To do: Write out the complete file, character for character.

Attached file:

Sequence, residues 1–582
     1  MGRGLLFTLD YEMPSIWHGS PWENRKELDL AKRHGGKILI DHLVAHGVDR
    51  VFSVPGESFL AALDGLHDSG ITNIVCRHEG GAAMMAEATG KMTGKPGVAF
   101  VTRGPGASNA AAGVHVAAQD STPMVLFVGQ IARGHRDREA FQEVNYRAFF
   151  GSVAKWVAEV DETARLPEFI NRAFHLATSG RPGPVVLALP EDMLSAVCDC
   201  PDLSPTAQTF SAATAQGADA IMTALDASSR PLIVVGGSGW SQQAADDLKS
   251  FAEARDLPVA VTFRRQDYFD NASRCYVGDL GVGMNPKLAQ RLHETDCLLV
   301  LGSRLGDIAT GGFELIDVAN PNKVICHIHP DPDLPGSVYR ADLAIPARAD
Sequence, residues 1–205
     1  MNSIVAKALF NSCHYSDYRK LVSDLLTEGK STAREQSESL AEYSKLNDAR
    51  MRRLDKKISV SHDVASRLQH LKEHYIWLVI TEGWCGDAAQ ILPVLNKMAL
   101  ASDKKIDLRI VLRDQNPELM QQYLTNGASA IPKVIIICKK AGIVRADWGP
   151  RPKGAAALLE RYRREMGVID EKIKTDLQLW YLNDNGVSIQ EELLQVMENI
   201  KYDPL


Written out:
Sequence, residues 1–582
     1  MGRGLLFTLD YEMPSIWHGS PWENRKELDL AKRHGGKILI DHLVAHGVDR
    51  VFSVPGESFL AALDGLHDSG ITNIVCRHEG GAAMMAEATG KMTGKPGVAF
   101  VTRGPGASNA AAGVHVAAQD STPMVLFVGQ IARGHRDREA FQEVNYRAFF
   151  GSVAKWVAEV DETARLPEFI NRAFHLATSG RPGPVVLALP EDMLSAVCDC
   201  PDLSPTAQTF SAATAQGADA IMTALDASSR PLIVVGGSGW SQQAADDLKS
   251  FAEARDLPVA VTFRRQDYFD NASRCYVGDL GVGMNPKLAQ RLHETDCLLV
   301  LGSRLGDIAT GGFELIDVAN PNKVICHIHP DPDLPGSVYR ADLAIPARAD
Sequence, residues 1–205
     1  MNSIVAKALF NSCHYSDYRK LVSDLLTEGK STAREQSESL AEYSKLNDAR
    51  MRRLDKKISV SHDVASRLQH LKEHYIWLVI TEGWCGDAAQ ILPVLNKMAL
   101  ASDKKIDLRI VLRDQNPELM QQYLTNGASA IPKVIIICKK AGIVRADWGP
   151  RPKGAAALLE RYRREMGVID EKIKTDLQLW YLNDNGVSIQ EELLQVMENI
   201  KYDPL